Cotton futures gapped higher to begin the week, driven by positive developments between the US and China regarding the trade dispute. Again, the US is the world’s largest exporter of cotton and China is the world’s largest importer. The lead March19 contract pushed up against limit (+3.00) before softening. Prices ended the session on the daily lows, but still with respectable gains. The softer market late in the session came along side growing skepticism regarding the trade war advancements. Initial optimism from both sides is already being watered down with the reality that no tariffs have yet been removed and nothing was signed.
I lean towards the optimistic side, hoping that both Trump and Xi have the fresh taste of economic dung in their mouths and will move forward with negotiations with a renewed sense of purpose. While existing tariffs may be problematic for the few, a trade war is bad for all. President Xi mentioned agricultural products being a big beneficiary of the purchases by China and that means soybeans and cotton. The Chinese strategic cotton reserve is now down to modest levels and likely very low on higher grades of cotton. China still needs to import bales to the mills of the East. Cotton produced in Xinjiang eases out as a snails pace, while yarn production in the province continues to grow. Although the US is low on high grades of cotton this year, it is still the only place the Chinese can source large volumes of lint consistently.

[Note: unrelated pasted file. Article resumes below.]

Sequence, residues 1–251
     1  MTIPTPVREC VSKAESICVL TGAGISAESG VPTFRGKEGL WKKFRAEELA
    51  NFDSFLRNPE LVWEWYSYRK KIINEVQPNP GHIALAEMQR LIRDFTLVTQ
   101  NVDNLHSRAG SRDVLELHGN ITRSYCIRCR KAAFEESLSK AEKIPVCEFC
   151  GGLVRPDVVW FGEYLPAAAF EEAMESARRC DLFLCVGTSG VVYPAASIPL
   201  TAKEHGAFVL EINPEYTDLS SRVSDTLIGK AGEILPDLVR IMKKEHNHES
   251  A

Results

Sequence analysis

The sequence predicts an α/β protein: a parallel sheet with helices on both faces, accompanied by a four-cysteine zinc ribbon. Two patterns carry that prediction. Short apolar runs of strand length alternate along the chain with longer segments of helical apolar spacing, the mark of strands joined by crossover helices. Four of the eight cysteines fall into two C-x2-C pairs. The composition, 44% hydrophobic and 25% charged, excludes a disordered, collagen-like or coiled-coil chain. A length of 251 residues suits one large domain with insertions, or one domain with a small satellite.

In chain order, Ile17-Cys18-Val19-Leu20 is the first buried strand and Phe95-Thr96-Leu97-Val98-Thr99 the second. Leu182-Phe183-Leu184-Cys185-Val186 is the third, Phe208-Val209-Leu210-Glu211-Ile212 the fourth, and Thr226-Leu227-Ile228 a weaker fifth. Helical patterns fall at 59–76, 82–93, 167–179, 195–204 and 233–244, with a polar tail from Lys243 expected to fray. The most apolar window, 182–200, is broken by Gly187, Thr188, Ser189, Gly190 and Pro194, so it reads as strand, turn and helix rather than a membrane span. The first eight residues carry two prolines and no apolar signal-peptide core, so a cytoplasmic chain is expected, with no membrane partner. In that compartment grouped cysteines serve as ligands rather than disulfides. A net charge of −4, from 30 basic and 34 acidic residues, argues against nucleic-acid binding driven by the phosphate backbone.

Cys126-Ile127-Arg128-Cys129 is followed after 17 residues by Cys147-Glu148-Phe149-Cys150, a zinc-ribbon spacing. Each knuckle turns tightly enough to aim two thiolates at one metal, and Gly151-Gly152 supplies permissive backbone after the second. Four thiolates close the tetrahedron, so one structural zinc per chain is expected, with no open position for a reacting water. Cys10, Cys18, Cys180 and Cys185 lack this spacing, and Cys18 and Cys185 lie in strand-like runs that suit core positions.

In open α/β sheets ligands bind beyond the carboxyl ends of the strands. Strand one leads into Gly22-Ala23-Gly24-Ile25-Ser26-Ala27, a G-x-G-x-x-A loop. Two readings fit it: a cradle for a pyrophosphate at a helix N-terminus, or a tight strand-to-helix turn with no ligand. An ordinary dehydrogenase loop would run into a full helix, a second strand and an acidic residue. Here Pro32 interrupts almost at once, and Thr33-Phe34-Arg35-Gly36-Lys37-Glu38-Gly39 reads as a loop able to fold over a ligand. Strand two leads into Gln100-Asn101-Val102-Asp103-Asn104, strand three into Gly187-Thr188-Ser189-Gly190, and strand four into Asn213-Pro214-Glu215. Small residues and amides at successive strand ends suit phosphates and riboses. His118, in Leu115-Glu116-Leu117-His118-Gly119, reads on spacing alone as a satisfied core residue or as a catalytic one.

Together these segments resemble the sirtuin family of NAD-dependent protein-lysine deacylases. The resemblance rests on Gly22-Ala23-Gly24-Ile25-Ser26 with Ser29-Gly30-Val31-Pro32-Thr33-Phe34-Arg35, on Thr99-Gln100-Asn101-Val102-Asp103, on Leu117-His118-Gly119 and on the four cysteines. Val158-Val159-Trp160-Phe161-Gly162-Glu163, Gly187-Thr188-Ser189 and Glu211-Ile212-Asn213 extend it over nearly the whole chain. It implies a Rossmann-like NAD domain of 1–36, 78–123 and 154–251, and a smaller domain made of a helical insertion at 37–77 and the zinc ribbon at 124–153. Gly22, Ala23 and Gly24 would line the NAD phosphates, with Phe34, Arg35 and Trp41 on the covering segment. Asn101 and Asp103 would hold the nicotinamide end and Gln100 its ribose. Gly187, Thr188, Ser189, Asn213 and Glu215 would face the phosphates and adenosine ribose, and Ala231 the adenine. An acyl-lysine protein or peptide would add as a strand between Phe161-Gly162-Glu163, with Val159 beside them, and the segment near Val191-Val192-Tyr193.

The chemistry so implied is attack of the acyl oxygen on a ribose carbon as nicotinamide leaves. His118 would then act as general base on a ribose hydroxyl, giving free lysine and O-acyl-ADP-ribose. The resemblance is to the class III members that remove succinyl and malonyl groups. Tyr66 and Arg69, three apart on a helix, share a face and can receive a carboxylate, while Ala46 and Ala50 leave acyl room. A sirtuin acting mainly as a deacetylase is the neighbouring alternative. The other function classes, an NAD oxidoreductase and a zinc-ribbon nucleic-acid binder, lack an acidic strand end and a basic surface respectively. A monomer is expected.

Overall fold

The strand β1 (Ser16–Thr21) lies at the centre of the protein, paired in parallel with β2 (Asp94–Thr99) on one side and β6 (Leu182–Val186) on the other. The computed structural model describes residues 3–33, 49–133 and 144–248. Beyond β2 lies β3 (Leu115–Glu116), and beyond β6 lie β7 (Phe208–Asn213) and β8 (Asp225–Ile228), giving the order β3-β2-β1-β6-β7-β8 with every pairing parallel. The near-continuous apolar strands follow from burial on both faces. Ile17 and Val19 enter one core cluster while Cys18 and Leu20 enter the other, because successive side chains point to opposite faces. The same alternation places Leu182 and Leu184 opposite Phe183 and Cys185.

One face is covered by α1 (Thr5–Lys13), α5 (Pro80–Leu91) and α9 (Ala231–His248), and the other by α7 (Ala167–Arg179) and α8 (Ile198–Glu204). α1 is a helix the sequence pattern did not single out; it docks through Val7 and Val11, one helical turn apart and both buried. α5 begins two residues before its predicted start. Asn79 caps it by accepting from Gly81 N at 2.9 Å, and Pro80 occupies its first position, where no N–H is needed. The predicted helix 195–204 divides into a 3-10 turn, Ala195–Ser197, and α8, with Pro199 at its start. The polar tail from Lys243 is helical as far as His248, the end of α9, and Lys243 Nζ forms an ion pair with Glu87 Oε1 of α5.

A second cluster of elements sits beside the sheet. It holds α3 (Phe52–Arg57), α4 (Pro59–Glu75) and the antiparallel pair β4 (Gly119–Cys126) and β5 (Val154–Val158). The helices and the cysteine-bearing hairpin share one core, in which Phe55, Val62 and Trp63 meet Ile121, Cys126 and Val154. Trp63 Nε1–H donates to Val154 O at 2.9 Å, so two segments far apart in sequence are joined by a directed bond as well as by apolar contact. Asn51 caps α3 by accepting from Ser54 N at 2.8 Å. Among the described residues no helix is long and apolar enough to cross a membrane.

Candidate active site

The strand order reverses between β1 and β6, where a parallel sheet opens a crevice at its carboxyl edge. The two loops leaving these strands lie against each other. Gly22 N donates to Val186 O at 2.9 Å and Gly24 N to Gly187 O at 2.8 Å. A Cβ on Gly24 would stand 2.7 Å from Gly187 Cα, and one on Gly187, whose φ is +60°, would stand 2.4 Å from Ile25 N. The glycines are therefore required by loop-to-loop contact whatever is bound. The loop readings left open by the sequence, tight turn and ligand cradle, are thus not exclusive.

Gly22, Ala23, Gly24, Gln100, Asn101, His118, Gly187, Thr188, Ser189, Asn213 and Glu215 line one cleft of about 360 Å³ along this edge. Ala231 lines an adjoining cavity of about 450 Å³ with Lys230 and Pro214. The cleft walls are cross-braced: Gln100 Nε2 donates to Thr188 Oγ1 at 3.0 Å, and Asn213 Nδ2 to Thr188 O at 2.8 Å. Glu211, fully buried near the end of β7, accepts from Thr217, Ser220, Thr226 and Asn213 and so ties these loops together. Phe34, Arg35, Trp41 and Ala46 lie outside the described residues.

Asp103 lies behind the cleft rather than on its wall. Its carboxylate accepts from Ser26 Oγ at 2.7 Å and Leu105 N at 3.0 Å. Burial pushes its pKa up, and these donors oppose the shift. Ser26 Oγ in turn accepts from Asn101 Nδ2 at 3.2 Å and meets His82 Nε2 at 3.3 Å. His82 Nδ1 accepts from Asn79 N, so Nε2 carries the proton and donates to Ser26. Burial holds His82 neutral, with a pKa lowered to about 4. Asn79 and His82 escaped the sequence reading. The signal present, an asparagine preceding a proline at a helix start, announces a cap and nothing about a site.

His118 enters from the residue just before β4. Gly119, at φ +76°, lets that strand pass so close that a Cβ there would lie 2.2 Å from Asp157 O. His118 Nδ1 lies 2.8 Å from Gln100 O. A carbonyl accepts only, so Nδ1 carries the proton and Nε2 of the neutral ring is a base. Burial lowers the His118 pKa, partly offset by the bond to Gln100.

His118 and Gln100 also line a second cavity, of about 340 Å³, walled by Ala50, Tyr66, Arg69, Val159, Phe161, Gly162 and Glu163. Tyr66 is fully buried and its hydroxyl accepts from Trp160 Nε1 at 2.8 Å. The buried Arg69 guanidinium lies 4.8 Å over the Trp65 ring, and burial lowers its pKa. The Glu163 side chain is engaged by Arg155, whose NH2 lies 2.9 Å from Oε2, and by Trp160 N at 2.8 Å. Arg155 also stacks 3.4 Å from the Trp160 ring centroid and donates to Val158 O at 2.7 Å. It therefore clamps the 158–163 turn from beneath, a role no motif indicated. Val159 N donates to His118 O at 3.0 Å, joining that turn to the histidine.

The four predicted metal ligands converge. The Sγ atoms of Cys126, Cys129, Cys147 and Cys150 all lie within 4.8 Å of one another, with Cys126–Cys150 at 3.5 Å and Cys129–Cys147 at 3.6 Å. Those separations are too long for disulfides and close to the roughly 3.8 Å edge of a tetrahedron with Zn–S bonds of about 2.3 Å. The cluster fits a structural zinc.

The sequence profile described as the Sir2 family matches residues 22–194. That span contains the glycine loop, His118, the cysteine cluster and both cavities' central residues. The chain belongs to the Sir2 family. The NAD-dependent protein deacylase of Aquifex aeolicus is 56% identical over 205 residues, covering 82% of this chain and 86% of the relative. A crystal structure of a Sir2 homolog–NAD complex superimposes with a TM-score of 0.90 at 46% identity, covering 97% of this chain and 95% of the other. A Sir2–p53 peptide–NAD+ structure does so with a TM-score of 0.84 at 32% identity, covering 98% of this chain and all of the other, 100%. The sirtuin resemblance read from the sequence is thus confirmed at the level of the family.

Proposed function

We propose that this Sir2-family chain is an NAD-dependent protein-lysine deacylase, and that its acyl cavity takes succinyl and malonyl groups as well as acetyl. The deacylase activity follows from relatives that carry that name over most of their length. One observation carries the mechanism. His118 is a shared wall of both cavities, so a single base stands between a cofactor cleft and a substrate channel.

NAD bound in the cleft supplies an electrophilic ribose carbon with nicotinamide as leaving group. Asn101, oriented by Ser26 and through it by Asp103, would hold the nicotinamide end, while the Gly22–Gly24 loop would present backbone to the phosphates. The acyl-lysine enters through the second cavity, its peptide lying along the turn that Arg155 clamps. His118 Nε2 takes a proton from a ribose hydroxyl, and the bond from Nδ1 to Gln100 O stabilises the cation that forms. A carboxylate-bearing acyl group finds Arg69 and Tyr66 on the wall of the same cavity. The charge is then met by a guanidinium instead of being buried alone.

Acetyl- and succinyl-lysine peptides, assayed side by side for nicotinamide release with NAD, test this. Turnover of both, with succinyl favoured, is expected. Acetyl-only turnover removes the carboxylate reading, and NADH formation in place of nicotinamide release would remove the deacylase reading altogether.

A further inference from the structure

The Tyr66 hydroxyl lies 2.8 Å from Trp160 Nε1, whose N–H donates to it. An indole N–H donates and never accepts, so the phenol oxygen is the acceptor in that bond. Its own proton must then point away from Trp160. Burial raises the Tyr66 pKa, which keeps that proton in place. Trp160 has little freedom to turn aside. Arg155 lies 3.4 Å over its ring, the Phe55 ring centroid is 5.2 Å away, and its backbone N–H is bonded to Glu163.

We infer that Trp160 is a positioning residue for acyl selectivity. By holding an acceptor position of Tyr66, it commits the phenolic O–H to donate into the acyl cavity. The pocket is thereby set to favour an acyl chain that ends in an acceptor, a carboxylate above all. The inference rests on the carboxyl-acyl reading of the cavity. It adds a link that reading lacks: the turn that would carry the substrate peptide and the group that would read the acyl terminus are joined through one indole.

Within the cotton market, physical trade was reported quiet over the weekend, and rightly so as traders awaited any developments at the dinner in Buenos Aires. I have heard that mill fixations were moved closer to the market after the higher open. Likewise, its very likely that today’s rally was met with a host merchant selling as producers sold and fixed on-call sales.
Trading volume on the ICE #2 contract reached almost 46,000 contracts, a heavy day by most measures. The heavy trading volume lends validity to the price gap left today, leading me to believe that it could be a “breakaway gap.” These gaps come after significant basing patterns, not unlike the one seen since early October.
by Andy Ryan
BNA Commodities LLC